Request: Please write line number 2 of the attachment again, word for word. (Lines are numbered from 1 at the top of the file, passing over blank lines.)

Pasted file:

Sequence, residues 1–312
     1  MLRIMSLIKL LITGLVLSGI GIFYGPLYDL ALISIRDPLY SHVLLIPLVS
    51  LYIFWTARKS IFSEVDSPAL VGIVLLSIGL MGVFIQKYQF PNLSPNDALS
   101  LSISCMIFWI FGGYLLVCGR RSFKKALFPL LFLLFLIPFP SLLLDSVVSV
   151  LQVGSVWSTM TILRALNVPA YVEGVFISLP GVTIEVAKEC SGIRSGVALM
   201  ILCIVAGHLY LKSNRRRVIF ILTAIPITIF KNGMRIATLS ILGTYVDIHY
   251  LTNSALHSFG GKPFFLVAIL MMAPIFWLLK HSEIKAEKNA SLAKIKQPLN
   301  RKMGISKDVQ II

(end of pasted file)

     1  MLRIMSLIKL LITGLVLSGI GIFYGPLYDL ALISIRDPLY SHVLLIPLVS